This Saturday marks the end of an era in Mission as the Bellevue Hotel changes ownership for the first time in nearly 80 years.
Patrons, friends, and family of the Fletchers will gather for a day of nostalgia to reminisce over Mission’s first neighbourhood pub. Three generations of Fletchers ran the hotel, beginning with George and Mildred, who started the hotel after borrowing $100 to put a down payment on it. It then passed on to their son Bob, followed by his son Brad.
“It was a little box of a hotel with an area north of it where they often had a carnival,” remembers 90-year-old Larry Reid, a lifelong friend of the Fletcher family and best man at Bob’s wedding in 1949.
When the Bellevue opened in 1935 there were 12 rooms, a dining room, and a kitchen where you could get a meal for between 45 and 50 cents.
For years, the Bellevue operated as a hotel and cafe, but like most towns in B.C. there was a dearth of liquor. George had the townsfolk sign a petition to try and get a beer license and worked out delivery from a Vancouver brewery.
When the hotel was completely rebuilt in 1948-49 to its present state, they got the license and the Bellevue took off.
“Georgie was a pretty savvy guy,” said Larry. “I liked him and he was a good host. He would walk around in the hotel there — they called it the beer parlour — and he would sit down and buy a beer for them.”
Lorne Rockwell says when he first started visiting in 1967, the bar had two entrances, one for women and one for men.
“It was the law of the land that single guys couldn’t sit with women,” he said, adding there was a wall inside the pub separating the genders. The wall came down around the time former waitress Betsy Shaw began in the late ‘60s.
A single mother, Betsy raised five kids and one grandchild in an establishment known primarily as a hangout for working men.
“I remember Noris [Bedford the manager] was away when Bill Rourke [the bartender] hired me and when Noris came back he said, ‘No way, we don’t have girls working in here.’” But Bill urged him to give her a chance and she was soon a fixture.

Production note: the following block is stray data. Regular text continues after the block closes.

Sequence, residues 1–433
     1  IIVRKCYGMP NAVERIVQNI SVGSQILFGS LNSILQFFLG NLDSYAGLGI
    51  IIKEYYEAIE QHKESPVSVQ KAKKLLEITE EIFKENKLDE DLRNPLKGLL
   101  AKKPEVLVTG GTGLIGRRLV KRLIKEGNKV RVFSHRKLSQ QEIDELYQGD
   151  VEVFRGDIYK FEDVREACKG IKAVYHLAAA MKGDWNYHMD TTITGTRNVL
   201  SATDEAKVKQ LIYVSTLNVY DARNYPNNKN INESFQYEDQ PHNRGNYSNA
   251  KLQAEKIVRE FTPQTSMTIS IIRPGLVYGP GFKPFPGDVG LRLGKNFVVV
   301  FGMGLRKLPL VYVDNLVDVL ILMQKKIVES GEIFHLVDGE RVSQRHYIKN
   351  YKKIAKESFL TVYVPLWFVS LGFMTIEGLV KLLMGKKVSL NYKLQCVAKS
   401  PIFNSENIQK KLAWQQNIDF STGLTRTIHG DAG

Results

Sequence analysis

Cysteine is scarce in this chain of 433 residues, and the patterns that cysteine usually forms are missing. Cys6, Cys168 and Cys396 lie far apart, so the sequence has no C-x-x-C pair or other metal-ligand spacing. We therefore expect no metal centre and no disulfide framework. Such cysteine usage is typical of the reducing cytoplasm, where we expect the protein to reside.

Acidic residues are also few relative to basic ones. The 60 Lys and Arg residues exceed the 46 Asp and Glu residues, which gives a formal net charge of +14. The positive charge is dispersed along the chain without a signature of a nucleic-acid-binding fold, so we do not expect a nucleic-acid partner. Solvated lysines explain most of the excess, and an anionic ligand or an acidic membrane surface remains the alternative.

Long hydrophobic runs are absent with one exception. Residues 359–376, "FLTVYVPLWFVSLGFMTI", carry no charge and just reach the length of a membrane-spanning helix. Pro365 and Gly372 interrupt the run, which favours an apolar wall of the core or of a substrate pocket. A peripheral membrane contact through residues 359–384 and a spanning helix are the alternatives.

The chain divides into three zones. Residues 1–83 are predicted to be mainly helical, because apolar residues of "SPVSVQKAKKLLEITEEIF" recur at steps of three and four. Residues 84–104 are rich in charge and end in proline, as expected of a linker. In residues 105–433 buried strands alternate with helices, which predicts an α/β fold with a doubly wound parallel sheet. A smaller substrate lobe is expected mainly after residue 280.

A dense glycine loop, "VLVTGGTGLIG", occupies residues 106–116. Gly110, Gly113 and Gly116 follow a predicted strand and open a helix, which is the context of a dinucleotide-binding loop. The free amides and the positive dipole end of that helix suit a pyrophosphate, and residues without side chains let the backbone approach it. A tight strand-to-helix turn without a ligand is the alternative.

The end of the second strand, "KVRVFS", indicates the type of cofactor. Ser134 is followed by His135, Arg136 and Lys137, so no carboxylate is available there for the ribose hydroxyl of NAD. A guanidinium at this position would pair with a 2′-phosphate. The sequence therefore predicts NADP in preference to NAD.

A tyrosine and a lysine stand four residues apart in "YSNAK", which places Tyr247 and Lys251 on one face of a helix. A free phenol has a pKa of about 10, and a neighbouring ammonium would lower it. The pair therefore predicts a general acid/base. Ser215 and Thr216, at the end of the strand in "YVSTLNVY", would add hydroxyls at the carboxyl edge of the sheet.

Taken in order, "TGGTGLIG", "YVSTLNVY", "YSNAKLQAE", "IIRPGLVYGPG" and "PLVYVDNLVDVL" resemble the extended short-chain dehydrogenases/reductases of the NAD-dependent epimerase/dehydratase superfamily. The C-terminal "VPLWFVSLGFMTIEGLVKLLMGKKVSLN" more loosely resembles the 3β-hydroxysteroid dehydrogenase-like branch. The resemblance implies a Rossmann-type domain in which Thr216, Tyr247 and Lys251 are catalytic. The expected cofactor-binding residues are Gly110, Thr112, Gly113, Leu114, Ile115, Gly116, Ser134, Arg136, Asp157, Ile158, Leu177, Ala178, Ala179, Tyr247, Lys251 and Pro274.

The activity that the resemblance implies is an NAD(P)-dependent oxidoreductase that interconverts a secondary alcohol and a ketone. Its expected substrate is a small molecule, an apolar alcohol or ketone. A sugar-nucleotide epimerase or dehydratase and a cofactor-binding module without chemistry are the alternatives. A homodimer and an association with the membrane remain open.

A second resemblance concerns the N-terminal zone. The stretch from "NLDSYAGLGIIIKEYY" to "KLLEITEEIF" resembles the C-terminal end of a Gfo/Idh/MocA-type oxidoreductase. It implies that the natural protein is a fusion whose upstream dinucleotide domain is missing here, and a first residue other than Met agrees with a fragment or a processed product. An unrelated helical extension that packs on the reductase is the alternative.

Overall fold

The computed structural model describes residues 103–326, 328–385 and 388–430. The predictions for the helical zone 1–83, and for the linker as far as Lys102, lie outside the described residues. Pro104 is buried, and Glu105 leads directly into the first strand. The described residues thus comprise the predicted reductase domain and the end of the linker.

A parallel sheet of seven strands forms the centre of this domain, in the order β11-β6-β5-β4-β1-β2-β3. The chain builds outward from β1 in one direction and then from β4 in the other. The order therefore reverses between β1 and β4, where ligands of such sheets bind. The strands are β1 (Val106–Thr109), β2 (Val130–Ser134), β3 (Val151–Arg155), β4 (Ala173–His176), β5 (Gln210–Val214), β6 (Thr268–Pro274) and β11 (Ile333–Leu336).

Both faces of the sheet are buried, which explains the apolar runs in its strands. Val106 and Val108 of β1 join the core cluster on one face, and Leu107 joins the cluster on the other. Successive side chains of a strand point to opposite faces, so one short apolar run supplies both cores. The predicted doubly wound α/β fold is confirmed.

She remembers one time as a young waitress a man was aggressively making a pass at her and she didn’t know how to handle it.
“Bill just looked at him and he said, ‘Hey! You stay away from her. That happens to be my niece and you do not happen to pass muster with me, fella.’” After that everybody thought they were related and she even took to calling him Uncle Bill, which she does to this day.
Lorne says the Bellevue was always a supporter of local sports. Back in 1971 there were about 10 fastpitch baseball teams in Mission who would play at the fairgrounds where the water park is today. After the game, the players would head to the Bellevue for 20-cent beers.
Lorne has been a member of the Bellevue breakfast club for 30 years. It started in 1980 as a group of business and working people who would meet every morning and take turns buying each other breakfast. To encourage generosity, Bud McLeod created a trophy to honour anyone who spent more than $50 on breakfast.
The mix of songs and suds and a late closing time of 2:30 a.m. gave the Bellevue a bit of a reputation. But Betsy doesn’t remember it that way.
“I’d say, ‘Hey, listen. We can do this two ways. I can get really mad and tell you to go away. Or I can say hey, I’ll walk you to the door and we’ll part as friends.’”
And she said usually the customers would smile and say, “See you tomorrow, Betsy!”
Nostalgia day happens this Saturday at the Bellevue with live music, old photographs, speeches, and more.